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An insulinoma is a tumor in the pancreas that produces too much insulin.
Insuloma; Islet cell adenoma
Causes, incidence, and risk factors:
The pancreas is an organ in the abdomen that makes several enzymes and hormones, including the hormone insulin. Insulin is needed to control blood sugar levels. Tumors of the pancreas that produce too much insulin are called insulinomas.
High insulin levels cause low blood sugar levels (hypoglycemia ). Hypoglycemia may be mild, leading to symptoms such as anxiety and hunger. Or it can be severe, leading to seizures, coma, and even death.
Insulinomas are rare tumors. They usually occur as single, small tumors in adults.
They are very rare in children. Most children with hyperinsulinemia have many areas of overactive insulin-releasing cells in the pancreas, instead of a single tumor.
Accidentally or purposefully taking medications that cause too much insulin production is about as common as insulinoma.
Most insulinomas are non-cancerous (benign) tumors. Only 5 - 10% are cancerous. People with the genetic syndrome called multiple endocrine neoplasia type I are at risk for insulinomas and other endocrine tumors.
Signs and tests:
After fasting, your blood may be tested for:
CT or MRI scan of the abdomen may be done to look for a tumor in the pancreas. If the test is negative, one of the following tests may be performed:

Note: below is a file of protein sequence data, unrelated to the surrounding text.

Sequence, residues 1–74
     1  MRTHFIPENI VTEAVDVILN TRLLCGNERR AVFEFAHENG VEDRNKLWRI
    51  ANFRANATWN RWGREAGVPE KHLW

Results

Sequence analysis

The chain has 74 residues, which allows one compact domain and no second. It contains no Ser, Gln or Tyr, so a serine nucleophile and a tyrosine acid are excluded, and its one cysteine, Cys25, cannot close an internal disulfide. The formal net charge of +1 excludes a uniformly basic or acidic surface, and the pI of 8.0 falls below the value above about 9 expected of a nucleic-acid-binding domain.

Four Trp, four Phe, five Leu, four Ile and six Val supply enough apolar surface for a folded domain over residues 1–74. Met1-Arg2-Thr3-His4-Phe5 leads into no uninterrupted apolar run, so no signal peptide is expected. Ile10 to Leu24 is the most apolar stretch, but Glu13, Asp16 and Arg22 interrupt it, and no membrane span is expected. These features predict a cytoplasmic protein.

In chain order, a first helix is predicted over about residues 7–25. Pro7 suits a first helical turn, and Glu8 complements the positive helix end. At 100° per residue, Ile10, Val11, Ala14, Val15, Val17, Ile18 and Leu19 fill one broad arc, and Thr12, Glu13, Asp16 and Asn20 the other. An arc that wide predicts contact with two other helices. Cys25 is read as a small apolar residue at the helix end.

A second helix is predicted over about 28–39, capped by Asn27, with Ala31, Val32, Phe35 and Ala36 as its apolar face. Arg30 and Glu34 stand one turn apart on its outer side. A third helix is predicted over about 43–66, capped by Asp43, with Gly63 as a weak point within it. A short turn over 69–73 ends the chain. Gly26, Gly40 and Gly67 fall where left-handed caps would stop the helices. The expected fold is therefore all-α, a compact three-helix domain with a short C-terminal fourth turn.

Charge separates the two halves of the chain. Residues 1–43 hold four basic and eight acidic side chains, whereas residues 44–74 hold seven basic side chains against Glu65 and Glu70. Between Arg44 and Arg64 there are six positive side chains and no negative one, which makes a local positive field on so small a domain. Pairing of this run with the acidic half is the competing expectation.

Surgery is the typical treatment for insulinoma. The location of the tumor is first found by tests or surgery.
If there is a single tumor it will be removed. However, if there are many tumors, part of the pancreas will need to be removed (partial pancreatectomy). At least 15% of the pancreas must be left to produce its enzymes. This may prevent the surgeon from removing the whole insulinoma tumor.
If no tumor is found during surgery, or you are not a candidate for surgery, you may get the drug diazoxide to lower insulin production and avoid hypoglycemia. A diuretic (water pill) is given with this medication to prevent the body from retaining fluid.
Octreotide is used to reduce insulin release in some patients. Medication is also used to get patients stable before surgery.
In most cases, the tumor is non-cancerous (benign), and surgery can treat the disease. However, a severe hypoglycemic reaction or the spread of a cancerous tumor to other organs can be life-threatening.
- Severe hypoglycemic reaction
- Spreading of a cancerous tumor (metastasis )
Calling your health care provider:
Call your health care provider if you develop any symptoms of insulinoma. Convulsions and decreased consciousness are an emergency -- call 911 or your local emergency number.
Cryer PE. Glucose homeostasis and hypoglycemia. In: Kronenberg HM, Shlomo M, Polonsky KS, Larsen PR, eds. Williams Textbook of Endocrinology. 11th ed. Philadelphia, Pa: Saunders Elsevier;2008:chap 33.
|Review Date: 8/9/2008|
Reviewed By: David C. Dugdale III, MD, Professor of Medicine, Division of General Medicine, Department of Medicine, University of Washington School of Medicine; and Deborah Wexler, MD, Assistant Professor of Medicine, Harvard Medical School, Endocrinologist, Massachusetts General Hospital. Also reviewed by David Zieve, MD, MHA, Medical Director, A.D.A.M., Inc.
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